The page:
So here’s how I open my seminars on the French-Algerian War: is it better to be loved or feared when combating an insurgency? Inspiring this question is Florentine philosopher Niccolò Machiavelli’s counsel, tendered in Chapter XVII of The Prince. At bottom an insurgency is a contest over political legitimacy. It’s a fight over who has the right to rule.To overcome an armed group disputing its authority, the governing regime must defeat that enemy while preserving or winning the allegiance of a critical mass of the populace. The counterinsurgent must deploy some mix of force and socioeconomic development in order to prevail, and thereby sustain its rule. The latter-day prince must get the proportions right between force—the implement for vanquishing foes and inspiring fear in prospective foes—and nation-building measures that buttress his legitimacy vis-à-vis the populace.
Machiavelli’s commentary on statecraft explores the art of founding and maintaining regimes. He took the subject to heart owing to hard personal experience. Florence alternated during autocratic and republican rule during his lifetime. Indeed, a regime change sealed his fate as a statesman. A leading official in the Florentine Republic, he was tortured and exiled from the city when its first family, the Medici, regained power and purged the servants of the republican order. Addressed to the city’s new, old masters, The Prince represented Machiavelli’s effort—a vain one, as things turned out—to ingratiate himself with the Medici and return to public office.
So much for the capsule biography. Back to fear and love. For Machiavelli, knowing when to use cruelty and how to use it well—swiftly, surgically, and thus, in his view, more humanely—was central to statecraft. He observes that new princes “cannot escape a reputation for cruelty, since newly acquired states are filled with danger.” The long-established prince who faces no armed revolt might evade such a reputation. But what about the established prince who confronts a mortal challenge? Because he must use armed force to uphold his rule, the incumbent—like the upstart he faces—presumably cannot escape the need for harsh measures. He too must deploy cruelty judiciously, smashing his enemies while arousing fear in others who might stand against him. Fear 1, Love 0.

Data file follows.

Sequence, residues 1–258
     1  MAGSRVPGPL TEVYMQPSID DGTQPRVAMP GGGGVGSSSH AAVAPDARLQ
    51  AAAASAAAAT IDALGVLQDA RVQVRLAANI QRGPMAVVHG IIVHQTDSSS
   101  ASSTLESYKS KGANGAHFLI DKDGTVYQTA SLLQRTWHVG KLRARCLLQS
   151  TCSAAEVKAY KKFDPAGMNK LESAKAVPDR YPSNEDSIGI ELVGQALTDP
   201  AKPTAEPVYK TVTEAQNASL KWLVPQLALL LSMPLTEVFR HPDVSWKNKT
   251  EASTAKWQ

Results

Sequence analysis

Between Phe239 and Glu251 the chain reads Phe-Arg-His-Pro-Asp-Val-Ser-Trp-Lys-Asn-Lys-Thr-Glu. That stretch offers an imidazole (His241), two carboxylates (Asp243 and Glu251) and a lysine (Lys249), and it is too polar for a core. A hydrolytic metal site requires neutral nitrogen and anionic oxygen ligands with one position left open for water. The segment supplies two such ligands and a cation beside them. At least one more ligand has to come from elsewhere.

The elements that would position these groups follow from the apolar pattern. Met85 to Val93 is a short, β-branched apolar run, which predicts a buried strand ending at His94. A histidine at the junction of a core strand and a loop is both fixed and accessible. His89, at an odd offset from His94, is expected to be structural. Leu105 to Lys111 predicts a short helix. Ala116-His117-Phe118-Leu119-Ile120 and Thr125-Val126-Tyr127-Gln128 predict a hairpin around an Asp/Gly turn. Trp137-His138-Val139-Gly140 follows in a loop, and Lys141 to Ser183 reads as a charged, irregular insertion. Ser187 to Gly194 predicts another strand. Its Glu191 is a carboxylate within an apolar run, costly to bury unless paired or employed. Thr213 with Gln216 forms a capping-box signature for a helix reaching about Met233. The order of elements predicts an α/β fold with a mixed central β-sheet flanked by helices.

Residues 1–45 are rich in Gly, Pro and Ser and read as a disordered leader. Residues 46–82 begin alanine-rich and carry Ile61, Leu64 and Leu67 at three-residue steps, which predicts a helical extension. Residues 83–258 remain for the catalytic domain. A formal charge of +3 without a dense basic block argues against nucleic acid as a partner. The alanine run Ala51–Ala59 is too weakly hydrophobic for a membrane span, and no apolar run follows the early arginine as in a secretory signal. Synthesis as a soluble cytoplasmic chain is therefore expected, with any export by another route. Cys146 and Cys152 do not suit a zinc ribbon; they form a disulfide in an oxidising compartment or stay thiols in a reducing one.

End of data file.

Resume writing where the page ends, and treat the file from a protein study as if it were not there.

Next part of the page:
What about love? Machiavelli maintains that it’s better to be both feared and loved, “but as it is difficult to combine love and fear, if one has to choose between them it is far safer to be feared than loved.” Why? Because fear is under the prince’s control. People can withhold their love, as they’re apt to do because “they are inconstant and ungrateful, simulators and dissimulators … hungry for profit and quick to evade danger.” Their love is flimsy and ephemeral. Fear, by contrast, “is held in place by a dread of punishment.” And punishment is something the prince can apply at his own discretion.
So Machiavelli would likely advise the counterinsurgent to assign force pride of place in his strategy, on the logic that sometimes you have to be cruel to be kind. Inspiring dread among the insurgents and those inclined to join them sets the prince on the path to victory, creating space for measures that bolster the security and welfare of the populace. Fear leads love more than it replaces love on the prince’s menu of strategic options. But here’s the rub: Machiavelli warns the prince not to overuse fear as an instrument of statecraft, lest he sow hatred. For instance, he must resist the temptation to live by plunder, forcibly seizing property from its rightful owners. He must never execute an offender without “adequate justification and a manifest cause.”And so forth. Prudence imposes bounds on the use of cruelty—however necessary harsh measures may be to protect the regime.
No long-dead Florentine can supply all the answers to 21st-century strategic problems. Still, he can help statesmen and military commanders—the latter-day equivalent to his prince—ask the right questions. Forget Field Manual 3-24. Crack open that copy of The Prince.